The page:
3 Replies Latest reply on Aug 15, 2017 8:37 AM by dougf67594612

    Integrated graphics vs dedicated graphics card

    dougf67594612

      I use Photoshop, Lightroom, Illustrator & InDesign and want to buy a new PC (windows based). Looking at the Adobe system specs, it specifies that the system should have a graphics card with at least 1GB (2G recommended) of VRAM.

       

      I don't use features that require a GPU for acceleration or features that won't work without a GPU, so I'm wondering if a PC with an integrated graphics adapter, e.g. AMD Radeon R7 Graphics. and more RAM, e.g. 12 or 16 GB, would be OK, or do I need a dedicated graphics card?

        • 1. Re: Integrated graphics vs dedicated graphics card
          Terri Stevens Adobe Community Professional

          You need to power integrated graphics somehow and the only alternative to the missing GPU is the computers CPU. Integrated graphics will do a reasonable job for web graphics, but start working with anything of multi-megabyte size and you'll quickly regret your choice. Photoshop uses GPU acceleration far more than you might think as it permits multiple threads of code to execute in parallel and that trend is bound to continue into the future. For example all the new blur functions use GPU acceleration as does Select and Mask. Given that graphics cards are not very expensive these days I would suggest going with a dedicated hardware solution.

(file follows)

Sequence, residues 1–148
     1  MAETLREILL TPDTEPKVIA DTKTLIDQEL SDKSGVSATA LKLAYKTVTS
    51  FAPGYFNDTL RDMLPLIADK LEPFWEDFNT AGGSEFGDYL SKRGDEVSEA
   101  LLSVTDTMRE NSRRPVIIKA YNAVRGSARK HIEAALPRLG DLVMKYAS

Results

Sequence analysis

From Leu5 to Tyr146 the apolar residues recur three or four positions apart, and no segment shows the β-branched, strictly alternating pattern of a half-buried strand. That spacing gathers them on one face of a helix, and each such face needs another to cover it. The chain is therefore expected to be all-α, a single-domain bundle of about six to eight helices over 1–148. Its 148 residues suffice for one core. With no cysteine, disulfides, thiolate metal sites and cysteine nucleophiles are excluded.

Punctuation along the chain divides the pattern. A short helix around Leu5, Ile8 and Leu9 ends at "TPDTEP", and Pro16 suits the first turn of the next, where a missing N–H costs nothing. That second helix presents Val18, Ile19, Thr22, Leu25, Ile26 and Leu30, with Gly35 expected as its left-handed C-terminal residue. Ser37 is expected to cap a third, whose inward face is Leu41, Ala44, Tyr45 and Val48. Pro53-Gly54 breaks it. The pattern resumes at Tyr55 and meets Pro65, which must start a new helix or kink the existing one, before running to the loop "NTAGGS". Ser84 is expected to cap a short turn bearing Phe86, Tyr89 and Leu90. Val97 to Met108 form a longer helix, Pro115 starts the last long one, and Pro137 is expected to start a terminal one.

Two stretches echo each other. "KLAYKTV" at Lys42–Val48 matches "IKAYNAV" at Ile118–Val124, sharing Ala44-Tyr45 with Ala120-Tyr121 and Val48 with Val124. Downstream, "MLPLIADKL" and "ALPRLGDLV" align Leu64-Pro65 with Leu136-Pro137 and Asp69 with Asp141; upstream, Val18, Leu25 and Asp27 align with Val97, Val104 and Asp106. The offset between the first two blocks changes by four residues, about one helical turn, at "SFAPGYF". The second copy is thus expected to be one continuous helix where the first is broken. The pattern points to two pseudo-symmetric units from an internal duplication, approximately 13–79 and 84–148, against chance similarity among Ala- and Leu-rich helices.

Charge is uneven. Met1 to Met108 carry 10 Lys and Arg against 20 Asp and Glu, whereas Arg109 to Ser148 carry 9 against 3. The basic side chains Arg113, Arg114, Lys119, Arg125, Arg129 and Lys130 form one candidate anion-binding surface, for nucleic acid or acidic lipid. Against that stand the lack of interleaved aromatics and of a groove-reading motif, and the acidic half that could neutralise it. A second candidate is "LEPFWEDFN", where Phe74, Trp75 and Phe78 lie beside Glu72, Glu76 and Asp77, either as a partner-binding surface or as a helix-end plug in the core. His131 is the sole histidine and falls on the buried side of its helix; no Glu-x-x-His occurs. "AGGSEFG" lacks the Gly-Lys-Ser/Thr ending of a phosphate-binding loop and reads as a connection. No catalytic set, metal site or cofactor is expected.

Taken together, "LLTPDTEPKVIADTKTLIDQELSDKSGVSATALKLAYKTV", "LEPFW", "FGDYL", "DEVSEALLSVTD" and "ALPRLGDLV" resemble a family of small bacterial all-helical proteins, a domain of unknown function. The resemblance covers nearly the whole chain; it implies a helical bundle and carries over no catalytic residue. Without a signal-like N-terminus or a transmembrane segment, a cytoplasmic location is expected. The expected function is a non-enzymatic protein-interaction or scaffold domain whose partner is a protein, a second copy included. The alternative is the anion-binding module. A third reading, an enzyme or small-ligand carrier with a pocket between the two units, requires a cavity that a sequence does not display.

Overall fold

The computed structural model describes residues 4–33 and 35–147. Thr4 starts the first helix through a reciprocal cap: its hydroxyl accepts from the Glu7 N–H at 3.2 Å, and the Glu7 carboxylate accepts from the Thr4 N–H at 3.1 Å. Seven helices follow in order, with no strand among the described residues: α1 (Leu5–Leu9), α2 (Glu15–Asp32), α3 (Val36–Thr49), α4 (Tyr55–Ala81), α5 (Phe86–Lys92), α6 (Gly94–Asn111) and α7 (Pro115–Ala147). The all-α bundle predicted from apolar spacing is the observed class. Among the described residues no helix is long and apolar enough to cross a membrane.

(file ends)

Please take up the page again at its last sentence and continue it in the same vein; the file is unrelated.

• 2. Re: Integrated graphics vs dedicated graphics card
            D Fosse Adobe Community Professional & MVP

            I think that should be fine, to begin with at least. I think most of the GPU-related features in Photoshop will still work. If you need to cut initial cost this is a good place to do it, since it's so easily upgradeable later if needed.

             

            Spend the money on more RAM, which is good for Photoshop, and a faster CPU, which is good for Lightroom. You should also make sure you have a decent capacity SSD for system drive - 500GB and up. A lot of the applications' working files (caches and so on) sit under your user account on the system drive, so everything will benefit from that.

             

            EDIT: cross-post, and my, cross-opinions there as well

            • 3. Re: Integrated graphics vs dedicated graphics card
              dougf67594612 Level 1

              thanks. I will take this approach, with the understanding that I will most

              likely be buying a dedicated card at some point.